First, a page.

Ethiopia’s government has blocked access to social networks throughout the country, an unprecedented measure it has justified by the need to prevent fraud during the period of university exams. But internet users have suggested the government is experimenting with new software filters to cut off political protesters.
From 9 to 13 July it was impossible to log on to Facebook, Twitter and Instagram in Ethiopia, to prevent leaks of subjects that had forced cancellation of exams in June, reported Radio France Internationale or RFI.
RFI said the internet in Ethiopia was already strictly controlled, but the social networks had never been blocked nationwide in this way.
But internet users rapidly responded to the cut-off by using virtual private networks, reported RFI, and many condemned the move as unjustified – with some suggesting that government was testing new software filters which could be useful during political troubles, such as those that have occurred in recent months in the Oromia region.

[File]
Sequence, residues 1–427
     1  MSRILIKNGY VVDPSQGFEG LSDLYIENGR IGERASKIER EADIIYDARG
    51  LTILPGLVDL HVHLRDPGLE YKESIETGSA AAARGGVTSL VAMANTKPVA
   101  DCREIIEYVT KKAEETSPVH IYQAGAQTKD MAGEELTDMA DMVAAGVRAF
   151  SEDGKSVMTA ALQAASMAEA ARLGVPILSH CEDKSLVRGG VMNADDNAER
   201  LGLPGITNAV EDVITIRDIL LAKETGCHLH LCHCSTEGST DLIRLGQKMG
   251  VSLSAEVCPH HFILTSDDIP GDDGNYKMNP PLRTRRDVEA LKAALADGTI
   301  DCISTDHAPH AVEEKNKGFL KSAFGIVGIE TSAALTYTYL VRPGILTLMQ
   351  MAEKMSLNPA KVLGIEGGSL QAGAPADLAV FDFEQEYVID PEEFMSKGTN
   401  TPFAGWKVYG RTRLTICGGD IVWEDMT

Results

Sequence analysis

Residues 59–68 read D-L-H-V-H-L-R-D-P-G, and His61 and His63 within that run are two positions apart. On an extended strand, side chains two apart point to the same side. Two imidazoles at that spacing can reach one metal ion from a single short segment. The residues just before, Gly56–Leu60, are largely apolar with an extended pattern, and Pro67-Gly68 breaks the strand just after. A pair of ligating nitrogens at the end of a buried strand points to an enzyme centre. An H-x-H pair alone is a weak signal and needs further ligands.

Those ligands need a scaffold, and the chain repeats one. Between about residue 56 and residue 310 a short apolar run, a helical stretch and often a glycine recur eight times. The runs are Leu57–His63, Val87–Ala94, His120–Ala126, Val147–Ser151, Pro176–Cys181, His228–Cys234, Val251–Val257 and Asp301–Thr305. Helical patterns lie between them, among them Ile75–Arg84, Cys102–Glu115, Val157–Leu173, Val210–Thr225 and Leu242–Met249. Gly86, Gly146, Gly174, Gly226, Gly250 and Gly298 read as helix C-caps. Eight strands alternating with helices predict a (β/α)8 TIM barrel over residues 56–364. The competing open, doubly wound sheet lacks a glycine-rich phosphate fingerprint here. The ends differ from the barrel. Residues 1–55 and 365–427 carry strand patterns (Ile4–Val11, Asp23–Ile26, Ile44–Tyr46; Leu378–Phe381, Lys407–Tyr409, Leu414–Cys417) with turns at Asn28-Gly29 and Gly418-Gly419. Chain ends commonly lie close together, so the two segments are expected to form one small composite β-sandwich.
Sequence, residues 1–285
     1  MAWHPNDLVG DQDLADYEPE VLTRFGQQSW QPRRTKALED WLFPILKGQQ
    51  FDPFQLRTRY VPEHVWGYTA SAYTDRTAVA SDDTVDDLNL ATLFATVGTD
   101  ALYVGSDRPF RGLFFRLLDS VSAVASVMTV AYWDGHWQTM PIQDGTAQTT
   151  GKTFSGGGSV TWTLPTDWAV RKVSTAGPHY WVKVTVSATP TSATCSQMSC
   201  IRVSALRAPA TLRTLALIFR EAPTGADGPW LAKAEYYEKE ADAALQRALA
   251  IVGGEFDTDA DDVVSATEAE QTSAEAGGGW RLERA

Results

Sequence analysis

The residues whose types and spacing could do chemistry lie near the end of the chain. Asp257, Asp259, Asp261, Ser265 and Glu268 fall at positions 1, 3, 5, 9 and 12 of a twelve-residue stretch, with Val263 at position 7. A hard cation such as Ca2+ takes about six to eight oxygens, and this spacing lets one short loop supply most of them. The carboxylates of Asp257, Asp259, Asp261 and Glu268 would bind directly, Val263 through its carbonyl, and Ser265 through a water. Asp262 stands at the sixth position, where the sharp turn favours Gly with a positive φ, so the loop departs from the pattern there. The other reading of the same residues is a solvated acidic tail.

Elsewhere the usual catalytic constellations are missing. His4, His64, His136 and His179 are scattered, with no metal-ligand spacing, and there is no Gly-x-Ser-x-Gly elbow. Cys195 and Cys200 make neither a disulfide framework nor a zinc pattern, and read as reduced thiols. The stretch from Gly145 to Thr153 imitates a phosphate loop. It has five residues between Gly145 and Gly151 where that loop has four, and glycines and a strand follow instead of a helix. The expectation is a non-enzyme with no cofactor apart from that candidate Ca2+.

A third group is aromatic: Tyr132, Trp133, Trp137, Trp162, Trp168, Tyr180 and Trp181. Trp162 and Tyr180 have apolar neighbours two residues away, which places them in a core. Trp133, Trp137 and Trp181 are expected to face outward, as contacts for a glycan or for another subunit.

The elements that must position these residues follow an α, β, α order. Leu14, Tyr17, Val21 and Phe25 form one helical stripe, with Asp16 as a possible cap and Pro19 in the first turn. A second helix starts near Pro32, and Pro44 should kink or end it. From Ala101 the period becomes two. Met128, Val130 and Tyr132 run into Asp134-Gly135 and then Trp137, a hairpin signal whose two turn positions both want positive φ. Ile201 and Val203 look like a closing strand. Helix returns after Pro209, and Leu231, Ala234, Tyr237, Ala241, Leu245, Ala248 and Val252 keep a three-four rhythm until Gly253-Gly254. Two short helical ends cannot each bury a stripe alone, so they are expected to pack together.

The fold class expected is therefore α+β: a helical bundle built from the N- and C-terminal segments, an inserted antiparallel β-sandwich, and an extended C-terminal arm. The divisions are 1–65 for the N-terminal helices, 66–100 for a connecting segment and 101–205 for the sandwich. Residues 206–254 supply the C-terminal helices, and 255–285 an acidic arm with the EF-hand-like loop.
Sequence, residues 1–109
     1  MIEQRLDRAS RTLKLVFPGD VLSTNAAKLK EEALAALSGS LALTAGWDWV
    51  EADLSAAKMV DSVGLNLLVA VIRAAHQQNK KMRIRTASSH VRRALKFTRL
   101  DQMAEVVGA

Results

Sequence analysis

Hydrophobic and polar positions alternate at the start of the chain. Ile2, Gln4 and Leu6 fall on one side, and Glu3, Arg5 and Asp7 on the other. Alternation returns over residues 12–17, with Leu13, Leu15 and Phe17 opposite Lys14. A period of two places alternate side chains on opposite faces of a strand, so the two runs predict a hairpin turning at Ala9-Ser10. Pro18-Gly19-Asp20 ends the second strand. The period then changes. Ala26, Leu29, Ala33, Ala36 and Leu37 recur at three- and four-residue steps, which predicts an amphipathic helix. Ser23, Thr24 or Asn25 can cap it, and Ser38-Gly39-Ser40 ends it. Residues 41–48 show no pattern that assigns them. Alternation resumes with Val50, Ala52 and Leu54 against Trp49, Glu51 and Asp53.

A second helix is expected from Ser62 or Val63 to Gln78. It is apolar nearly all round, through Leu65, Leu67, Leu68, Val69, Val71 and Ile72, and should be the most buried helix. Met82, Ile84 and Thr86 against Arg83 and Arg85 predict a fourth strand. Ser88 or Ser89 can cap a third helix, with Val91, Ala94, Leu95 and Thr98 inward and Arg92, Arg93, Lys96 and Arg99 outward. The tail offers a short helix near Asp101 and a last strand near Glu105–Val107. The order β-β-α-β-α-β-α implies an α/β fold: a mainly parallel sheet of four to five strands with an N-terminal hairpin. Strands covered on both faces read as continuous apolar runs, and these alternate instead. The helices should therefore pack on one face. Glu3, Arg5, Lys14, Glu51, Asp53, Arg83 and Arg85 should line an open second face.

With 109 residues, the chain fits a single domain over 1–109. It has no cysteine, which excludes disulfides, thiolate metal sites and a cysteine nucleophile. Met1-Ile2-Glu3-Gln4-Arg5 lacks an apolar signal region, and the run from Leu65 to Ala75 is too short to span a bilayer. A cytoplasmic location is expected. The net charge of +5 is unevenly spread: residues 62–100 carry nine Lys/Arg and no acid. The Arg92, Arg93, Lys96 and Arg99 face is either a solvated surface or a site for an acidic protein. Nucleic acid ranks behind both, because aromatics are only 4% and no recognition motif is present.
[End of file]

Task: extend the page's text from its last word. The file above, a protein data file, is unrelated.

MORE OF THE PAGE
In June, RFI reported on an inquiry published by Human Rights Watch which detailed violent repression of students in the Oromia region. It said 400 people had been killed by security forces since November and “tens of thousands of arrests” had been made.
Human Rights Watch said it had identified by name more than 300 dead, most of them students, reported RFI.
The students were protesting against urban expansion of the Ethiopian capital, Addis Ababa, which would expropriate farms and, they claimed, restrict rights of the Oromo community.
* This article is drawn from local media. University World News cannot vouch for the accuracy of the original reports.
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